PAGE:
“No Australian who has ever fallen in our uniform has ever died in vain, ever” The PM and the AWMAug 31, 2021
Prime Minister Morrison’s recent statement to the ABC that “No Australian who has ever fallen in our uniform has ever died in vain, ever” is glib, facile, devoid of any content and oblivious to the catastrophe in Afghanistan and to Australia’s role. It is little more than an arbitrary assertion – that Australia’s wars, by definition, bring good outcomes – that would absolve our leaders of any responsibility and accountability for disastrous outcomes from these wars.
Such a stance is particularly dangerous because it slams the door shut on any capacity to learn from our history of expeditionary wars, such as those in Vietnam, Iraq and Afghanistan – wars which resulted in untold human suffering.
This refusal to learn is of course not confined to government. Of key concern here is the Australian War Memorial (AWM), which helps mould the role of warfare in our national identity. It carries a heavy responsibility for historical accuracy and truth-telling– the very thing that successive prime ministers have shunned.
The Memorial is governed by the 1980 AWM Act, which refers to a national memorial to Australians “who havedied on, or as a result of, active service” (italics added). By contrast however, the AWM’s corporate plan for 2020 – 2024 states that the institution’s purpose is “to commemorate the sacrifice of those Australians who have died in war or on operational service,and those who have served our nation in times of conflict” (italics added).
This expansion of the Memorial’s remit to all those who have fought, whether dead or alive, fighting fit or permanently disabled, and including wars that might not even be finished, has arisen from a series of unilateral decisions by the AWM Council. It greatly alters the Memorial’s focus from commemoration of the dead to honouring the institution of war itself.
The AWM’s corporate plan also sets out the Memorial’s Vision as being “To ensure that their sacrifice is not in vain” – the sentiment echoed by our PM.
But what of the situations where Australia’s wars, by all objective evidence,have been in vain? The AWM vision confers magical qualities for warfare where there is always a silver lining. Whether or not a sacrifice is in vain will be judged by historians – of whom the AWM Council has none – and others. It is not for the Memorial, nor the PM, to arbitrarily determine.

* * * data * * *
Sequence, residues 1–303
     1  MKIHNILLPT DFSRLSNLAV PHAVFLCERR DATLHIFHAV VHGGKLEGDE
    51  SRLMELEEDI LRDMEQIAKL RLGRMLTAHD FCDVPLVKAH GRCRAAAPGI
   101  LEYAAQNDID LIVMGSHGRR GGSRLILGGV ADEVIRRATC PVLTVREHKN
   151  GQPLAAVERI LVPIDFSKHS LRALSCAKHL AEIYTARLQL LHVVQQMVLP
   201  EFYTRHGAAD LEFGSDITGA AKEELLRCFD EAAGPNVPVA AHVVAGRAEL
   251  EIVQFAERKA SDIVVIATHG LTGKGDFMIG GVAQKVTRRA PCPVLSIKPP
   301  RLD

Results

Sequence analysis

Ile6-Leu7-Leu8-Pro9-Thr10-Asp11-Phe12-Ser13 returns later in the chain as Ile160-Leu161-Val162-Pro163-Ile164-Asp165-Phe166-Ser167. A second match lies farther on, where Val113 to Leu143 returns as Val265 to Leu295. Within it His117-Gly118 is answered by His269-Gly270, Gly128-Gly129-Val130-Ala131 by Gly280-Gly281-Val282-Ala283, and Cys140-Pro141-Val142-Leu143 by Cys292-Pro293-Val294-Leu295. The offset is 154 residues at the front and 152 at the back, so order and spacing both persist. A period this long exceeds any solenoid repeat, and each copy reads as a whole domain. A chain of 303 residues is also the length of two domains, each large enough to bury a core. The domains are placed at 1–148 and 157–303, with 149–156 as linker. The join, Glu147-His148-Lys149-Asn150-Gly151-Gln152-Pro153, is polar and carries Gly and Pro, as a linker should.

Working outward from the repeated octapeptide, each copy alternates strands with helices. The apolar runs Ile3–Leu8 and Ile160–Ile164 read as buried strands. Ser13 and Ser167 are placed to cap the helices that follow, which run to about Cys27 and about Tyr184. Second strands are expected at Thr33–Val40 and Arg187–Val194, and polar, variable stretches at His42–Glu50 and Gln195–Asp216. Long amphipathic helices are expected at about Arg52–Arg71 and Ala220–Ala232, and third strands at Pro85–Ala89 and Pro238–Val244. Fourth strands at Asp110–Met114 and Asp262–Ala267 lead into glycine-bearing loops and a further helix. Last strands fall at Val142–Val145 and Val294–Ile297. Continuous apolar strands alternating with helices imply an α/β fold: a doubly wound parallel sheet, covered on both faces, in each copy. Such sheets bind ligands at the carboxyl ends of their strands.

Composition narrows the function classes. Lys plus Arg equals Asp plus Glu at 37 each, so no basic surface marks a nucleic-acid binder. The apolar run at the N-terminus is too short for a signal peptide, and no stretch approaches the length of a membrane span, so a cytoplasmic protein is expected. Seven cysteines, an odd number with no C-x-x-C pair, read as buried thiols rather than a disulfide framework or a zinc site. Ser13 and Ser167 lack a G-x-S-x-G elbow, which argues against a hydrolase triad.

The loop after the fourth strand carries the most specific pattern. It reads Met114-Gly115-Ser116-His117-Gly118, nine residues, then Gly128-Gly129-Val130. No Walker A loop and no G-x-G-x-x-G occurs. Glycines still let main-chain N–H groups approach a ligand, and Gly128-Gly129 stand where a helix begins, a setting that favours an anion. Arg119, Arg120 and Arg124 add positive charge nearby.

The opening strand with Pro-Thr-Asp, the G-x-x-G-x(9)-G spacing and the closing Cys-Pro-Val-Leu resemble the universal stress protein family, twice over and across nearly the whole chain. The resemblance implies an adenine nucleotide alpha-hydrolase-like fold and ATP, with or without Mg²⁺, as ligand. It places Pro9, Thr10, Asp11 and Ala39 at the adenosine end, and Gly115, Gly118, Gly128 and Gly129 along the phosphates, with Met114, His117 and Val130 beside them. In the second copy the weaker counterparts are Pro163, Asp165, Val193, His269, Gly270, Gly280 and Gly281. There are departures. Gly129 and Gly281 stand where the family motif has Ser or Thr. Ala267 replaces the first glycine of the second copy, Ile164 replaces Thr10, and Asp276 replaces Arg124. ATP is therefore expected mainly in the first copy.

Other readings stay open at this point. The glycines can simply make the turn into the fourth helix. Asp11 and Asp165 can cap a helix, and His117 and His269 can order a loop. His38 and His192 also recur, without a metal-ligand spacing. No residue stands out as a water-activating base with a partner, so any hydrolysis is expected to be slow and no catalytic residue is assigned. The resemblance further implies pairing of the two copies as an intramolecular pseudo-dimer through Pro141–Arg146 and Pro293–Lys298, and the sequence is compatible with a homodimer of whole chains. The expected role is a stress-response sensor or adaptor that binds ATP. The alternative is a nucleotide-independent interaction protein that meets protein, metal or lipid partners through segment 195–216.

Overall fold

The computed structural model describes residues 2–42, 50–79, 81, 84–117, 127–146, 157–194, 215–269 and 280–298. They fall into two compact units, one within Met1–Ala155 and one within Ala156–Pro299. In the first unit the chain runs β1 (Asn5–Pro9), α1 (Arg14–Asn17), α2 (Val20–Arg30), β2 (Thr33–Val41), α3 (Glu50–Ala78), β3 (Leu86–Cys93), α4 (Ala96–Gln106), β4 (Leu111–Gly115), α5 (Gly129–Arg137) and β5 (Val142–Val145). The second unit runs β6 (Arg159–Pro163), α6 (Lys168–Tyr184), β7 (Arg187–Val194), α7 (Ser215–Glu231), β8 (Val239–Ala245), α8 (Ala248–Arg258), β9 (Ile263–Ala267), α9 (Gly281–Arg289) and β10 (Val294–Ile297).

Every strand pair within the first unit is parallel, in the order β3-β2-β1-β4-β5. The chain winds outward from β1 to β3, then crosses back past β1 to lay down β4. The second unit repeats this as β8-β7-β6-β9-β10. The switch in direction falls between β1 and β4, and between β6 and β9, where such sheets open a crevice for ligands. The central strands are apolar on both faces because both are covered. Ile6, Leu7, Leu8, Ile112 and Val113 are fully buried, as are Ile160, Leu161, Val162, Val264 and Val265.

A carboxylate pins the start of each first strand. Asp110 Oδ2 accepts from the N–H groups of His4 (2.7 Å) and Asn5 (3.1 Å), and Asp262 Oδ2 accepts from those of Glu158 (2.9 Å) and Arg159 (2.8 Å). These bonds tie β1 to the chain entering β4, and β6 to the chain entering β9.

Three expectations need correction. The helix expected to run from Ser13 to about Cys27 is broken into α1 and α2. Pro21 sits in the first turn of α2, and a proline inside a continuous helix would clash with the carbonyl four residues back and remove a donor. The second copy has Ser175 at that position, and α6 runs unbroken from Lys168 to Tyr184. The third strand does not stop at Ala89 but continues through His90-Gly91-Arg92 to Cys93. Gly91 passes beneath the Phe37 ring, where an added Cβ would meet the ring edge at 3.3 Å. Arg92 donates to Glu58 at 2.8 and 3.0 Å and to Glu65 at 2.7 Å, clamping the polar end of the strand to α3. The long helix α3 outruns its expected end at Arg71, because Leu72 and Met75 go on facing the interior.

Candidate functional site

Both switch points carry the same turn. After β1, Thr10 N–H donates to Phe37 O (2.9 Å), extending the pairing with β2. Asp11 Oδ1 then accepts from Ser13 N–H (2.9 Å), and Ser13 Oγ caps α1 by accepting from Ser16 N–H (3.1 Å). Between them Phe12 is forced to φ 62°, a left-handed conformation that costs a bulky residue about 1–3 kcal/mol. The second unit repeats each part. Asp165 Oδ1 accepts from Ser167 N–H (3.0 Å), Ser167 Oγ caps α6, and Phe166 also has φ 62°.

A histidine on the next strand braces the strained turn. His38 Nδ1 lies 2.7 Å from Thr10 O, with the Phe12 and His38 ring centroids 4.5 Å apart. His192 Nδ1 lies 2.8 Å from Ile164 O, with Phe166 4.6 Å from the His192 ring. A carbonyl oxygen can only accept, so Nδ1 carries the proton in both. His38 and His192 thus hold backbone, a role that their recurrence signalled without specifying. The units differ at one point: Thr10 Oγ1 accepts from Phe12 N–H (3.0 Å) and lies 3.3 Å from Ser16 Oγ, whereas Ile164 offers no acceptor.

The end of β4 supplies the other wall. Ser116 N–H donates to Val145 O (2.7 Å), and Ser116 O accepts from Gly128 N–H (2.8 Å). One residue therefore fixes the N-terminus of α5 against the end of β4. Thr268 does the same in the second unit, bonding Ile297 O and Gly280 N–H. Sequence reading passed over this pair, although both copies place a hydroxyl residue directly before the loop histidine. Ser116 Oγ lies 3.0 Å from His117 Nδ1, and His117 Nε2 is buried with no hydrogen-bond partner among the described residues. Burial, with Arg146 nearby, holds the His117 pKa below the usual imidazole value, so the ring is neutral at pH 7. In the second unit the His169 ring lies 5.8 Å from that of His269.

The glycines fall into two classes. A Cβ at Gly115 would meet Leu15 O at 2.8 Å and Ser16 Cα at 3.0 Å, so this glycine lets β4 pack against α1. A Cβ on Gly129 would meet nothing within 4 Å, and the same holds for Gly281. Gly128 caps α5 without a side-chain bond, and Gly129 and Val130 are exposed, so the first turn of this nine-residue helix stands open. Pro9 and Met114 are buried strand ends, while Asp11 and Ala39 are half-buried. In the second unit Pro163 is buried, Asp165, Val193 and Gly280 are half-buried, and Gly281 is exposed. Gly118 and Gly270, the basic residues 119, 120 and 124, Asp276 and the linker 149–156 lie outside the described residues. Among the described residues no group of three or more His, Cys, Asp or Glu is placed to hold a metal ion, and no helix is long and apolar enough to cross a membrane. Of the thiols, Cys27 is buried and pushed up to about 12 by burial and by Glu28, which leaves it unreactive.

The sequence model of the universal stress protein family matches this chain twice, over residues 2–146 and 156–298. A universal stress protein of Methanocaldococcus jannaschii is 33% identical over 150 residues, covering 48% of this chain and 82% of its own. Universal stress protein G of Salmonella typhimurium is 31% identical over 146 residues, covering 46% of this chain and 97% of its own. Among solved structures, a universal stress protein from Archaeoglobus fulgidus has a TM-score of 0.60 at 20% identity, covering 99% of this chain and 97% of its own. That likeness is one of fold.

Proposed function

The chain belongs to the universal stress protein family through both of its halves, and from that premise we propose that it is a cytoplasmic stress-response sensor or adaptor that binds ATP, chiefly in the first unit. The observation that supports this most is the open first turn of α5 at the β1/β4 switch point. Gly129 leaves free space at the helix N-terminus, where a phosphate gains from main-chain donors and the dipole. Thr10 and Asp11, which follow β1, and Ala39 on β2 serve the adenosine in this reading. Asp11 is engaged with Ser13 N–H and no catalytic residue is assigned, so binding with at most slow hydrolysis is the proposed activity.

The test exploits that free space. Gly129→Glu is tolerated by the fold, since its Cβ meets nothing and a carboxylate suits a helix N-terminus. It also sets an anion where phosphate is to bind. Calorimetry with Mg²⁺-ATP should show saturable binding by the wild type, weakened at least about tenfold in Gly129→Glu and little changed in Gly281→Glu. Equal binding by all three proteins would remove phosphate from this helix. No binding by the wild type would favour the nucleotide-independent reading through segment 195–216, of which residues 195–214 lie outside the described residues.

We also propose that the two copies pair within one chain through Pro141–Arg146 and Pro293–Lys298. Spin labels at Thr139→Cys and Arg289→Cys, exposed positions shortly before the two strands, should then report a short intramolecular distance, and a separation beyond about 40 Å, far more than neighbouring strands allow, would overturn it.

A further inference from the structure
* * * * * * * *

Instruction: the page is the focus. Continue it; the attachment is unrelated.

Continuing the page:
In responding to the release of the Brereton report into alleged war crimes committed by Australian troops in Afghanistan, AWM Director Matt Anderson said that the institution is “a place of truth” where the darker parts of Australia’s history should be acknowledged.
That is admirable, but is Anderson really suggesting that the AWM would tell the truth about current or barely-finished wars, even when such truth-telling would undermine current political or military reputations or goals? On the contrary, exhibitions on current wars could simply become propaganda tools, the antithesis of truth-telling.
To add to concerns that telling the full truth is not a key priority for the AWM, the institution appears in no hurry to remedy the lack of historians on its governing body, the AWM Council. On 19 August, Anderson announced the formation of three new groups to advise on content of the new galleries – the Aboriginal and Torres Strait Islander Advisory Group, Access Advisory Group, and Veterans’ Advisory Group. There are two more to come, on Youth and Diversity. Again, there is no specific recognition of the importance of including historians in the Memorial’s advisory and governing bodies.
Add to this the ongoing acceptance by the Memorial of donations derived from the profits of war from some of the world’s biggest weapons companies, for whom wars and instability are essential. To them, telling the truth about what really happens in wars would be anathema. There is a blatant conflict of interests.
Accurately portraying what happens in wars takes on particular significance in relation to children. The AWM’s “Discovery Zone” for children has closed for COVID, but a replacement area is planned in the new Memorial space. The image here gives a flavour of the happy faces the Discovery Zone aimed to elicit. As one example of the “educational” activities on offer, there was a World War I trench to play in, which lacked only the bodies that drowned in mud, the body parts, the screech of shells, the maggots, the stench of death, the screams of the dying and the fear of being the next to join them.
Such sanitised displays must be called out for what they are – propaganda.
The reality of lives lost in vain can be unbearably harsh for those left to grieve. The remedy, however, is not to rewrite history, but to learn from it. It is critical that our political leaders honour their responsibility towards our service people – to get right the decisions about sending them to war.
One step that would help significantly to achieve this is war powers reform, so that Australians cannot be sent to wars outside Australia without prior debate, scrutiny and a vote in our parliament. That reform is long overdue.
In the meantime, the rest of us must do all that is possible to keep alive the notion that truth matters, especially when the stakes are so high – as in going to war.
Parts of this article have been previously published in the Canberra Times and in Pearls and Irritations.